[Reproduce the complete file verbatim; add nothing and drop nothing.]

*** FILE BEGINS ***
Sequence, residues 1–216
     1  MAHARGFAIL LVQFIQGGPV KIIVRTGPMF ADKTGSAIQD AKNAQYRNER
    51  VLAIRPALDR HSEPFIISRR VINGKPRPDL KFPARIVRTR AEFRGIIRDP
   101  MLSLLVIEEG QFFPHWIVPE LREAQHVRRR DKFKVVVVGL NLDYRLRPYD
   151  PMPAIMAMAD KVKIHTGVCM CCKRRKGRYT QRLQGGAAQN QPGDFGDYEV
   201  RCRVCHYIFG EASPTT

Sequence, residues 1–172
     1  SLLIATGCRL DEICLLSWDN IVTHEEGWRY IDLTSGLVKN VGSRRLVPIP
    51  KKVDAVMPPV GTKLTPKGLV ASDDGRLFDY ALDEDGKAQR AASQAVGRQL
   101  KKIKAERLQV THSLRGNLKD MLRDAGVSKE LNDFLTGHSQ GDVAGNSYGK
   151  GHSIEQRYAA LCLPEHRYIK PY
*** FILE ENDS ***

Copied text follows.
Sequence, residues 1–216
     1  MAHARGFAIL LVQFIQGGPV KIIVRTGPMF ADKTGSAIQD AKNAQYRNER
    51  VLAIRPALDR HSEPFIISRR VINGKPRPDL KFPARIVRTR AEFRGIIRDP
   101  MLSLLVIEEG QFFPHWIVPE LREAQHVRRR DKFKVVVVGL NLDYRLRPYD
   151  PMPAIMAMAD KVKIHTGVCM CCKRRKGRYT QRLQGGAAQN QPGDFGDYEV
   201  RCRVCHYIFG EASPTT

Sequence, residues 1–172
     1  SLLIATGCRL DEICLLSWDN IVTHEEGWRY IDLTSGLVKN VGSRRLVPIP
    51  KKVDAVMPPV GTKLTPKGLV ASDDGRLFDY ALDEDGKAQR AASQAVGRQL
   101  KKIKAERLQV THSLRGNLKD MLRDAGVSKE LNDFLTGHSQ GDVAGNSYGK
   151  GHSIEQRYAA LCLPEHRYIK PY